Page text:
Wall Street's 11th-hour push to dilute SEC climate rules is embarrassing
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Friday, June 24: On the day that the U.S. Supreme Court could rule against the EPA’s ability to drive down carbon emissions at power plants … this country’s on fire. We’re looking at you, Texas, with an expected high of 105°F. Climate Central has launched the Climate Shift Index, a tool that shows the local influence of climate change, every day. CSI levels indicate how much climate change has altered the frequency of daily temperatures at a particular location. This image shows the high temps expected for the U.S. tomorrow based on NOAA data.
As European regulators this week unveiled plans to require independent auditing of corporate climate disclosures, Wall Street is in an 11th-hour press on the U.S. Securities and Exchange Commission to water down its own emissions disclosure proposal. Frankly, it’s embarrassing.
Some of the biggest names in finance — including BlackRock and the Nasdaq Stock Exchange — weighed in as the SEC deadline for comment passed last Friday, arguing that the new rules will add costs and more confusion to the hodgepodge of current voluntary rules, and instead pushing a practice dubbed “comply or explain.” In essence, if you don’t want to report your emissions, just explain why not.
The warnings, which were in contrast to many comments supporting the rules and urging the focus on better tools and more rigid definitions (more on these next week), particularly singled out the SEC requirement for so-called Scope 3 emissions, which is the pollution caused by a company’s supply chains or vendors. The finance giants argued they should be shelved or at least reduced to comply or explain.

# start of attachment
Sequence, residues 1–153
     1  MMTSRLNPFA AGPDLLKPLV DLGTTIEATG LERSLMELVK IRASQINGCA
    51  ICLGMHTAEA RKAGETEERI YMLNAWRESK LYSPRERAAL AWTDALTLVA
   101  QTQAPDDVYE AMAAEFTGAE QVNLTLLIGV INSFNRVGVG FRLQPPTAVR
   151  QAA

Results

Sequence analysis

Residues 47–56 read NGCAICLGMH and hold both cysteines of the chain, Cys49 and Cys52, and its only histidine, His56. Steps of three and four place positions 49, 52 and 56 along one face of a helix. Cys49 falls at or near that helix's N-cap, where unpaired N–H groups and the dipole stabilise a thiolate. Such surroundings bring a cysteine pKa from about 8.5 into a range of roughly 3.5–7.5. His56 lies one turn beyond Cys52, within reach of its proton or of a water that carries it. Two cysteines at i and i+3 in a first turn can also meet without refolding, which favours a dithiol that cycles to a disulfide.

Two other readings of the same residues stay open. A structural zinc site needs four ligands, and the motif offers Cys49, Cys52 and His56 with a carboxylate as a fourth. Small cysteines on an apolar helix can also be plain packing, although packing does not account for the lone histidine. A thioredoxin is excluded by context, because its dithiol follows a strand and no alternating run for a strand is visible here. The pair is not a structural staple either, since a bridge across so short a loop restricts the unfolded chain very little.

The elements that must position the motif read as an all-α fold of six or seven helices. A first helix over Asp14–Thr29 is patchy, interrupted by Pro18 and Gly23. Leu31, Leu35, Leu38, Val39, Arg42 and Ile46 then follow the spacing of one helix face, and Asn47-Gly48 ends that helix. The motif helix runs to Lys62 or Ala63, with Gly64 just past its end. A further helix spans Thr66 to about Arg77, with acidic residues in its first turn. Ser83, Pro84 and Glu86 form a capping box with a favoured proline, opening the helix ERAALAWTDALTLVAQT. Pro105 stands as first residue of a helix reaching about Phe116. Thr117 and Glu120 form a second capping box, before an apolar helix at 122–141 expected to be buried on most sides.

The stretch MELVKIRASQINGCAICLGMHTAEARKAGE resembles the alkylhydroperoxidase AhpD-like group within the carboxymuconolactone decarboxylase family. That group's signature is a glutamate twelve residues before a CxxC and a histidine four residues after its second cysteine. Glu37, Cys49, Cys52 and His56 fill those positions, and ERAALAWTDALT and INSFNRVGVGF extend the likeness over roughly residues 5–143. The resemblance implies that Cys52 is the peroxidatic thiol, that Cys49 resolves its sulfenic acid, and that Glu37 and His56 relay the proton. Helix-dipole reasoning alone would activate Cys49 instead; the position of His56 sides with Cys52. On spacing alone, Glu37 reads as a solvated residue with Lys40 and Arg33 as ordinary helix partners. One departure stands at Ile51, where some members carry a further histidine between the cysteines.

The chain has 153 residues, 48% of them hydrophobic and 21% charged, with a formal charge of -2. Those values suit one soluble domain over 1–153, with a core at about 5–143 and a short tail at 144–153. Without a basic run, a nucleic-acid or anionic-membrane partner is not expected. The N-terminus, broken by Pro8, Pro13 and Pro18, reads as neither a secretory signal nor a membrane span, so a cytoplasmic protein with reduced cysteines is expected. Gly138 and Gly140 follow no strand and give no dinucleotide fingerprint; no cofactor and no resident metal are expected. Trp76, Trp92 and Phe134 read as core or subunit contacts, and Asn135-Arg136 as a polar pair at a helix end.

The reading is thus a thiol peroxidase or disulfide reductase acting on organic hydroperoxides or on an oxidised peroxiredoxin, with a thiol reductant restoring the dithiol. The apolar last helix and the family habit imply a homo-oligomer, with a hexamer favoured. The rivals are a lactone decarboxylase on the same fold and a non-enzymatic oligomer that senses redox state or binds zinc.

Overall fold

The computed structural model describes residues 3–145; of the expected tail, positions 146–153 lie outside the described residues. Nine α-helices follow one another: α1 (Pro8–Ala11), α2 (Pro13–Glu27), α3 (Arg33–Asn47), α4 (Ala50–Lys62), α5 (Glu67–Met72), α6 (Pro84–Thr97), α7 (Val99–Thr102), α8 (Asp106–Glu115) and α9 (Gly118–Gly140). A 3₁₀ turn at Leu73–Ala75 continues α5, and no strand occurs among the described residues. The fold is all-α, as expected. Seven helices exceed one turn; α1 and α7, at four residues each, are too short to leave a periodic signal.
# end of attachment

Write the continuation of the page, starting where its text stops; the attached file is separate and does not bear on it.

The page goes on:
Investors have had months to send in their comments and/or lobby the SEC on its new rules, which were put forward this past spring. That some big investors, who otherwise identify themselves as supportive of environmental, social and governance objectives, would wait until the last minute to propose these major changes, is akin to the time-honored practices of diplomatic intrigue used by big countries such as China and India to sabotage global climate agreements at the last minute.
With President Joe Biden’s climate agenda under attack on Capitol Hill and from the U.S. Supreme Court, the SEC rules are one of the only remaining ways the country can make any sort of progress on reducing greenhouse gas emissions in the next two years. Let’s hope SEC Chairman Gary Gensler and his team are prepared to stick to their guns on this one.
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To read all our insights, news and in-depth interviews, please subscribe and support our great climate finance journalism.
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Words to live by . . .
“The climate crisis is the No. 1 emergency. Renewables not only fight the climate crisis, they support energy security. Renewables are the peace plan of the 21st century.” — António Guterres, Secretary-General of the UN.